The system of lithium-ion batteries is able to store clean power such as wind and solar when electricity demand is low and release it to the network when demand is high, playing an important role in enhancing the country’s renewable energy mix. Following energisation, SMS – which independently owns, manages, and operates the system – will now begin delivering a range of balancing and ancillary services essential for building grid resilience. The ability of batteries to support the grid with required flexibility means that increased deployment of the technology is fundamental for Britain’s transition to a low-carbon energy system.
According to National Grid, up to 13 GW of new energy storage needs to be built by 2030 for the UK to stay on track with meeting net zero commitments. With a current 620 MW total pipeline of storage projects either under construction or being planned, SMS is set to become a leading contributor to this target with at least a 10% market share. In addition to the newly operational Burwell site, a 40 MW system in Barnsley, Yorkshire, UK, is nearing completion and due to come online this year, whilst work also began in late 2021 on two more 50 MW sites in Suffolk and Derbyshire, UK.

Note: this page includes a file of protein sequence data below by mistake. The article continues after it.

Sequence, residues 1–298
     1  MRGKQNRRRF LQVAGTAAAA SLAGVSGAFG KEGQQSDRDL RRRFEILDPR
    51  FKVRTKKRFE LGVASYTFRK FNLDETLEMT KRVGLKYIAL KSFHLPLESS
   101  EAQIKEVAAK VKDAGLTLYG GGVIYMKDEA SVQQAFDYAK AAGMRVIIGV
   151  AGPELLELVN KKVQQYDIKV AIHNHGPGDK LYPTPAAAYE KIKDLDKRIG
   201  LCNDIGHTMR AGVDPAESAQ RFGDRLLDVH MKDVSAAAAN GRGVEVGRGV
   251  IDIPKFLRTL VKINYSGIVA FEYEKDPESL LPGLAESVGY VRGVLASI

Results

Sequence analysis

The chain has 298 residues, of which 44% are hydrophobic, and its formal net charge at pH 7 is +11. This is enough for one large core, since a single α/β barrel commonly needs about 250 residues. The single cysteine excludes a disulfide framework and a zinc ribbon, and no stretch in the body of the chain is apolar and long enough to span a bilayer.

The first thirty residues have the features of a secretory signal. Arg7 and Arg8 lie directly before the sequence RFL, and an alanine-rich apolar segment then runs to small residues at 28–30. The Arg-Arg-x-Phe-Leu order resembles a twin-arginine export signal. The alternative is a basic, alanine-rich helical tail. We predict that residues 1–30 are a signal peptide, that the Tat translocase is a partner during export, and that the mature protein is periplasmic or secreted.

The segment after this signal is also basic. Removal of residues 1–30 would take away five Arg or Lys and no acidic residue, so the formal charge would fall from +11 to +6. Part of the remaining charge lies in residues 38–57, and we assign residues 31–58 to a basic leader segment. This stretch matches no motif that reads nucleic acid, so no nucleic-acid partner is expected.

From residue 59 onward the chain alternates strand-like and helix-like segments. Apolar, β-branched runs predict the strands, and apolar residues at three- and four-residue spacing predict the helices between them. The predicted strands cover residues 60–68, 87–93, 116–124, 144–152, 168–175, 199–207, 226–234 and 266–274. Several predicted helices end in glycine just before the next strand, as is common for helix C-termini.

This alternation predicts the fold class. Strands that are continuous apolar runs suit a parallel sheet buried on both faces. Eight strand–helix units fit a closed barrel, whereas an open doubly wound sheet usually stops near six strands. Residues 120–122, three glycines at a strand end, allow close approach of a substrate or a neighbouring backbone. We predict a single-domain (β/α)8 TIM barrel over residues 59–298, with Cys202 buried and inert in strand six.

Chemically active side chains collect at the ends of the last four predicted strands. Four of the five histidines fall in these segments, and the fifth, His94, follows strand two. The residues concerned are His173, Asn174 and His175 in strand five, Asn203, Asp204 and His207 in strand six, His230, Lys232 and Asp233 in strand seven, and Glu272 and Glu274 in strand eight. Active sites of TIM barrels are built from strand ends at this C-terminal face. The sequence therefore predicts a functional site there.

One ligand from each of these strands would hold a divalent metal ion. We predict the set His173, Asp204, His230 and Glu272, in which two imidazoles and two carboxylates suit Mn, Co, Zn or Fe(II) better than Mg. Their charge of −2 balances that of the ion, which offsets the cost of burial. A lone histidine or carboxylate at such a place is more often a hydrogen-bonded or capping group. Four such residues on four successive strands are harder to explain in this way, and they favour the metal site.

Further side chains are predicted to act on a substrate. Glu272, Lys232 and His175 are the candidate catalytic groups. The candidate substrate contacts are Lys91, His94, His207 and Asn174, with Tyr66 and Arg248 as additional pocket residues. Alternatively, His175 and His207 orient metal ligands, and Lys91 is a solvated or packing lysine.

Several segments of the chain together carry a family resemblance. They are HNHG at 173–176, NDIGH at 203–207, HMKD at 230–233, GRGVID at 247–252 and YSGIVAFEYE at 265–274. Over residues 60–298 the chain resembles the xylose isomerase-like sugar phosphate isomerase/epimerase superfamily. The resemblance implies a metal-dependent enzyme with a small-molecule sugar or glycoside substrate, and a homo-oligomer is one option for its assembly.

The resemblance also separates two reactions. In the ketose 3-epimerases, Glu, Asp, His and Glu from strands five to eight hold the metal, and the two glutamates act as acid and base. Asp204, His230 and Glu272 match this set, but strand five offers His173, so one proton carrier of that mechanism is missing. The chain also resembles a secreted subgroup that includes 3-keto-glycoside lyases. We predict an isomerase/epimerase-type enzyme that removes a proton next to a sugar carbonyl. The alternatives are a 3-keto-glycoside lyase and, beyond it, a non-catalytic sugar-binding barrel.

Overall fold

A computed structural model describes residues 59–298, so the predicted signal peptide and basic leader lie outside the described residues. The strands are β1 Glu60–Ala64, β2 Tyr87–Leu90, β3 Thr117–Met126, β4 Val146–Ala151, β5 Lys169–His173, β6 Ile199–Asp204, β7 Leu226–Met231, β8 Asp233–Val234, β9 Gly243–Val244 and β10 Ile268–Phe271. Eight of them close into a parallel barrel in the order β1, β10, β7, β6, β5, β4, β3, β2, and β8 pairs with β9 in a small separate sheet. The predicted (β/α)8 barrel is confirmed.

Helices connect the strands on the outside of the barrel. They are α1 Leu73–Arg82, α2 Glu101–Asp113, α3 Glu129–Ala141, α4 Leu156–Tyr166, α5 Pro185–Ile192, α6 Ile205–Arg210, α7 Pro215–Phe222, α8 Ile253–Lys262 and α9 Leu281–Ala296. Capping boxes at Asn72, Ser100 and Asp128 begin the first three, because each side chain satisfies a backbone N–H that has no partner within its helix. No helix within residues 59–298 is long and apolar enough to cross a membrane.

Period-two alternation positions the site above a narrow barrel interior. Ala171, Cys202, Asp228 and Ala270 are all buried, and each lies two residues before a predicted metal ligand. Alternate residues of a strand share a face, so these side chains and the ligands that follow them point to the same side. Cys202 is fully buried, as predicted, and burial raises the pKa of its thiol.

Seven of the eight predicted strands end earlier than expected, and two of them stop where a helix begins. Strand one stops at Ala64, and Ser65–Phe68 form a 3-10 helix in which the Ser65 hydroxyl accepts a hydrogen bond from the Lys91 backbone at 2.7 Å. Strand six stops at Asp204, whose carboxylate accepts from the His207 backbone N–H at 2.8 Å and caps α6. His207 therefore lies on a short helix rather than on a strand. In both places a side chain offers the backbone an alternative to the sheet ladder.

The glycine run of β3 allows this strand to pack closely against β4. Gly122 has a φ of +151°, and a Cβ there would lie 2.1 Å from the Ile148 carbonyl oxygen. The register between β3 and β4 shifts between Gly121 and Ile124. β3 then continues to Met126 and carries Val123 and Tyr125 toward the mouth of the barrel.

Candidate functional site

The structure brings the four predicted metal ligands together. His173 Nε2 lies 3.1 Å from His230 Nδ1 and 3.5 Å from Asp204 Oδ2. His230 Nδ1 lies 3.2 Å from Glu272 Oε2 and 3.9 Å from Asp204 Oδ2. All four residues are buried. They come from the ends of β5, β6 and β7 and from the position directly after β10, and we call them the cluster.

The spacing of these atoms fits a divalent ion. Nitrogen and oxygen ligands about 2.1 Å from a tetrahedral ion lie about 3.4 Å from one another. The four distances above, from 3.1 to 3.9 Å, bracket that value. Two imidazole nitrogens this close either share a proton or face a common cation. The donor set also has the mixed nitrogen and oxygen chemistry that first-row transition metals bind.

John Flaherty, Managing Director of Grid-Scale Energy Storage at SMS, said: “With the energisation of our first storage site, and three more projects due to come online in relatively quick succession, our ambitions for leading the growth of this fast-emerging sector could not be much clearer. Our batteries will play a significant role in improving the integration of renewables and help bolster system resilience as we come to rely on clean energy generation. Such benefits are central to reaching net zero emissions, and our aim as a business is to deploy the low-carbon assets required at scale to achieve that goal as soon as possible.”